WARM SPRINGS, Mont. (AP) — Julia initially isolated herself from other patients when she arrived at the psychiatric hospital here in January.
Now the 27-year-old Belgrade resident works with others at the Montana State Hospital in the Healing Waters Greenhouse, where patients grow and sell flowers, vegetables and herbs.
"I didn't realize how much I needed my peers until coming here," Julia said Wednesday, standing over a table of tomato plants. "I work with a lot of good people."
The greenhouse, built with a $141,000 grant from the Montana Mental Health Settlement Trust, was completed in January.
Founded in 2010 with $13 million won in a lawsuit against pharmaceutical company Eli Lilly, the trust provides grants for crisis intervention, law-enforcement training, transitional housing and children's mental health programs.
Patients who work in the greenhouse showed off their products Wednesday. They had brightly colored marigolds and petunias and fragrant lavender and thyme. The patients' last names are being withheld at the hospital's request.
"Put your nose right into it," said Charles, a patient and greenhouse employee from Red Lodge.
Beth Eastman, the hospital's rehabilitation director, said the greenhouse is an expansion of an existing gardening program.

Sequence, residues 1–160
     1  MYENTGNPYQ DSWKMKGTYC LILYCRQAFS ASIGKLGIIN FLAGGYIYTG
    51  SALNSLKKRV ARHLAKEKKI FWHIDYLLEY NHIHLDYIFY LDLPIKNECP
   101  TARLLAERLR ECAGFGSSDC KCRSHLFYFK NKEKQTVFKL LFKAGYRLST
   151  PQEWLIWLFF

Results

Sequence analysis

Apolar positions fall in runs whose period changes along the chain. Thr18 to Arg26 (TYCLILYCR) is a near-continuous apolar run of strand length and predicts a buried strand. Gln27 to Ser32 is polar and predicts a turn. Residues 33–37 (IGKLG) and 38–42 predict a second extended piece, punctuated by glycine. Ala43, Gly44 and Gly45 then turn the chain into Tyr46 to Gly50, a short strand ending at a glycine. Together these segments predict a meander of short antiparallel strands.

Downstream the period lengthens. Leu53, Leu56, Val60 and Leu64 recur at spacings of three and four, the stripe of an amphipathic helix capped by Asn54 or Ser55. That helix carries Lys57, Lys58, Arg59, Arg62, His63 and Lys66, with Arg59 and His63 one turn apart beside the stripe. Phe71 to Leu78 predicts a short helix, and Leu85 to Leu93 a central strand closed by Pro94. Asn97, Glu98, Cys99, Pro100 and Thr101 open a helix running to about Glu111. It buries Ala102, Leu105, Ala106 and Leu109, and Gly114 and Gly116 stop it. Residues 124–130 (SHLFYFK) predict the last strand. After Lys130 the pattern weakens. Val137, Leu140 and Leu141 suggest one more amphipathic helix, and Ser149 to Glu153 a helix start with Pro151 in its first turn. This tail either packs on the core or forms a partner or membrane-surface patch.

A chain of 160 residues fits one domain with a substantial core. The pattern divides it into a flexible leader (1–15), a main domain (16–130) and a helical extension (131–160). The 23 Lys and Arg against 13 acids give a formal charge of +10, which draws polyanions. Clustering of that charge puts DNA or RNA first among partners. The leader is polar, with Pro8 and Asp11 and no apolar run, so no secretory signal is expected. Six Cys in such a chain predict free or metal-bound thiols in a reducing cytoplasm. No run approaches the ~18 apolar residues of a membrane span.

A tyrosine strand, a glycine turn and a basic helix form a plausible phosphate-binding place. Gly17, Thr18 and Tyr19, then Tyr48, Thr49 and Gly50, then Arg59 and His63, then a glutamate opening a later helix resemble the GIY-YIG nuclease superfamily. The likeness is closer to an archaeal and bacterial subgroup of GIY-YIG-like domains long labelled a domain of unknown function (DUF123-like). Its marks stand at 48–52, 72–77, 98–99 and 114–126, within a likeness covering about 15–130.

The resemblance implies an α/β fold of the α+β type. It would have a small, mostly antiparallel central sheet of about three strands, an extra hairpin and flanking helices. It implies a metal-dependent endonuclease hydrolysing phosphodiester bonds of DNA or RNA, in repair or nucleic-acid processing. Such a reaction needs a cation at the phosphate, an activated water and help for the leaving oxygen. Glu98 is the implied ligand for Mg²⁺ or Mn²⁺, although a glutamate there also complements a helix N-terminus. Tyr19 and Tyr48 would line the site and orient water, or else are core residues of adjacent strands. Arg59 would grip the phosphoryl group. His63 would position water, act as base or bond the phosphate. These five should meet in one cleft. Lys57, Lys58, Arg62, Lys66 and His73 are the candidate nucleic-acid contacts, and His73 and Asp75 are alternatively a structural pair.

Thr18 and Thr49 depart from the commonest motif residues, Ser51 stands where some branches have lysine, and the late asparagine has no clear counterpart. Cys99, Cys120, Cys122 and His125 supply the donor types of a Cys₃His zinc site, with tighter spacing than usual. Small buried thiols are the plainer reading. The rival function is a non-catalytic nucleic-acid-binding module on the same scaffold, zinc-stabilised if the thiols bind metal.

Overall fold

"I've always thought that gardening and a greenhouse would help people nurture themselves," she said.
Gardening is a holistic, full-sensory experience that patients find grounding and calming, Eastman said. It also provides them with vocational experience.
Greenhouse workers not only research and raise the plants but also arrange to sell them to area businesses. Proceeds go back into the program to provide more jobs for patients.
The greenhouse program "enables patients and staff to reach into the community in a new way, in a normalized way," hospital administrator John Glueckert told a crowd of about 100 patients, staff and visitors.
Richard Opper, director of the Department of Health and Human Services, said it was fitting that the greenhouse opened so close to Earth Day, which started 43 years ago.
Opper was a high school senior at the time and organized his school's first Earth Day events. The program at his Oklahoma City school has expanded significantly since then, he said.
"So you never know, when you plant seeds, what good will come from them," Opper said.
Don, a patient and greenhouse employee, told the crowd how privileged he was to be part of the "healing waters dream team."
"My greatest pleasure has been working in the greenhouse," he said. "I was intimidated and excited by the challenge we faced. I feel like I've grown as a person."
The experience has given Julia hope, and she plans to teach her younger brother how to grow plants when she is discharged.
"The first time I looked at a (sprouting) red corn poppy, it's amazing what you can do with something so simple as a seed, soil and water," she said. "It's a good metaphor for us."